The bottom line is that change is inevitable and when it is as significant as a divorce, everything changes. But as human beings we strive to improve our circumstances, no matter what is thrown at us. And guess what, many people succeed in that. No, not everyone moves on and is better off for divorce. Money is tighter, logistical difficulties preventing non-custodial parents from seeing their kids arise, but we learn to cope with these issues. Of course there are times when the path of divorce was too quickly chosen. But in the majority of cases we see, the die has been cast, as in Sandra Bullock’s case. When the couple has passed the proverbial “point of no return” (one party cheating with porn stars?), then the real question is how to move on respectfully and with dignity. And I suggest that Sandra Bullock, at least from what we can glean through the press, has done exactly that. It is refreshing to see and likely inspirational to many.
Last week in Baltimore, MD, the University of Baltimore Law School and the ABA Family Law Section co-hosted a very special event, The Families Matter Symposium. The “Families Matter” idea is a platform of three consecutive Chairs of the ABA Family Law Section with the goal of reducing the negative consequences of Family Law on families, and most importantly children. 65 experts from across the country convened, at their own cost, to explore and share ideas on how to achieve this goal. There were large working groups which broke into small working groups and then reported back to the whole group over the two full days of the Symposium. There were judges, psychologists, financial experts and lawyers, all working together. Former Georgia Supreme Court Chief Justice Leah Sears was a featured speaker as was Maryland Supreme Court Chief Judge Bell.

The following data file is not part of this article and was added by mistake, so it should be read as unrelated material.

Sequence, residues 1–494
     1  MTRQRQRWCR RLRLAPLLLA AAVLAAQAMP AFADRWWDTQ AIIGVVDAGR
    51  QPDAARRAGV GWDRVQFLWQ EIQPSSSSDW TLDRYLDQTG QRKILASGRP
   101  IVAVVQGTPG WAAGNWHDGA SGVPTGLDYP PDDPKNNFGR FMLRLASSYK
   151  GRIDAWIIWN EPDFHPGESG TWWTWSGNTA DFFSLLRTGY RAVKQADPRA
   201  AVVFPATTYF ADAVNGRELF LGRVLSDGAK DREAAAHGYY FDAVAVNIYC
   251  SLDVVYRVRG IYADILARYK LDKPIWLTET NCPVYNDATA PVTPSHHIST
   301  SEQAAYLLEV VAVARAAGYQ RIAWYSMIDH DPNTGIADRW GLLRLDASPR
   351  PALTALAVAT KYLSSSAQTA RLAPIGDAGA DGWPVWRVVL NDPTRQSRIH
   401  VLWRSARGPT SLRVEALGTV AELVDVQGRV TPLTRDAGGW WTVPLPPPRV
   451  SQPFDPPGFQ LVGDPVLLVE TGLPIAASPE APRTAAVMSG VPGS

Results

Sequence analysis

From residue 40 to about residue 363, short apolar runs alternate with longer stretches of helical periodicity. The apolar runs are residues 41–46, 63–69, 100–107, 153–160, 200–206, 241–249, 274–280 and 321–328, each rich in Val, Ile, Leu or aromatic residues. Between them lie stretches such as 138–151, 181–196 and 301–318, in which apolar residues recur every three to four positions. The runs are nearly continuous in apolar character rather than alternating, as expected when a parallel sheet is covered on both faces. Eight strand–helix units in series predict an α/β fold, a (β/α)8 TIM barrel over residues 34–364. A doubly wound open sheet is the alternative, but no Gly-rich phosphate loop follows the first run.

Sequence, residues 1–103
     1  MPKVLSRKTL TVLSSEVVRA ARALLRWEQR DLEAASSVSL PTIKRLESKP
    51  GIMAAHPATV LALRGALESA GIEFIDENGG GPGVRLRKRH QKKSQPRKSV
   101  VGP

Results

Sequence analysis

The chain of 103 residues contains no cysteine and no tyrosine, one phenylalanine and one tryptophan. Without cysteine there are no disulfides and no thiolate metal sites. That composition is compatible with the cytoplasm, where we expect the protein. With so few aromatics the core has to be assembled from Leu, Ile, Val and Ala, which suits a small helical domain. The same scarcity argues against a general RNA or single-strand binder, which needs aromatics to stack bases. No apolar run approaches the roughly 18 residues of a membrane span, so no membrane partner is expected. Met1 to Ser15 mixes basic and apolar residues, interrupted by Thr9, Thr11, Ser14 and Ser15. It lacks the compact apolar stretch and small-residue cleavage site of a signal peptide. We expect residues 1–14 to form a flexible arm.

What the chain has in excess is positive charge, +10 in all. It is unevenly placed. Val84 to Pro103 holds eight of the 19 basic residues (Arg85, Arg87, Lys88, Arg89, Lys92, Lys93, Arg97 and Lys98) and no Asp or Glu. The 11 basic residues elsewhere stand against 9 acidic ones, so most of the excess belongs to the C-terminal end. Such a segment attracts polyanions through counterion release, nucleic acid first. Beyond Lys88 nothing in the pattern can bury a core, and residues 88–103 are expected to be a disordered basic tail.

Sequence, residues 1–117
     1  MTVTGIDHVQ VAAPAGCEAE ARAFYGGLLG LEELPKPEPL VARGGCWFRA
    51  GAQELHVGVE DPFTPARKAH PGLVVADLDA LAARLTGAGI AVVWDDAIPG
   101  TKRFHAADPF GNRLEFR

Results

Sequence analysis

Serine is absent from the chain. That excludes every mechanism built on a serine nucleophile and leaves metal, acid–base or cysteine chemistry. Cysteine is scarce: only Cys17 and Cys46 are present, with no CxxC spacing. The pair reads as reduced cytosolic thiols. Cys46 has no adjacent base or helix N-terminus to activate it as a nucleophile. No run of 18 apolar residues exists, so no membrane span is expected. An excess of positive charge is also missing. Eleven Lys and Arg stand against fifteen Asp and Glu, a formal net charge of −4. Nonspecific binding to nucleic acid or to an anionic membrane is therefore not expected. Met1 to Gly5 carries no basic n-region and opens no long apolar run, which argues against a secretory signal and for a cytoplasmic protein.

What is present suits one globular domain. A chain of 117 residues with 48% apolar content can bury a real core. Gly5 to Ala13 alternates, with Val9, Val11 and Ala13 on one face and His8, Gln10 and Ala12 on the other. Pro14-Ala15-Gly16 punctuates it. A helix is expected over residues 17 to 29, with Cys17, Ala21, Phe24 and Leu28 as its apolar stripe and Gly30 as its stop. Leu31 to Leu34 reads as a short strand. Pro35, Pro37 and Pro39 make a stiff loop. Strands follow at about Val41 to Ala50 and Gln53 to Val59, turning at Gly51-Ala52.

While the program was a great start, it was only that, a start. There were great ideas that will take a lot of effort and time to implement. There was a consensus that it is impossible to create a flow chart for a family law case that would work perfectly. Every case is different. But there was agreement on many needed changes to the family law system. The concept of “triage”, immediately figuring out what a case needs and prioritizing situations based on different priorities (violence, kids needs, foreclosure?) was considered. “Early case intervention” was another popular (and similar) thought. Another discussion focused on law school preparation (and encouragement) of students to practice in this area.
So what are the next steps? One step is a comprehensive CLE Program which will be worked into the ABA Family Law Section’s next Spring CLE seminar. Beyond that we must figure out how to assimilate these and other great ideas into the general practice of family law. Judge and lawyer training and specialization? More frank discussions between the bench and bar (and mental health experts)? Family law is becoming more, not less complex. Relocation issues, gay marriage issues, international custody issues are all on the rise. Without consistently taking the time to study and try to improve our family law system, we do a disservice to our community.
Kudos to all those (and there are so, so many) that take the time and effort to work to better our system. Our superior court judges and their staffs, the many governmental agencies that are overburdened, and the legal and mental health practitioners who see the problems daily are all doing their part. The question is what else can we do. Certainly we all agree more needs to be done. So let’s keep exploring what can be done, and of course, lets do as much as we all can.
Please visit the blog maintained by the Center for Families, Children & the Courts: http://ub-cfcc.blogspot.com/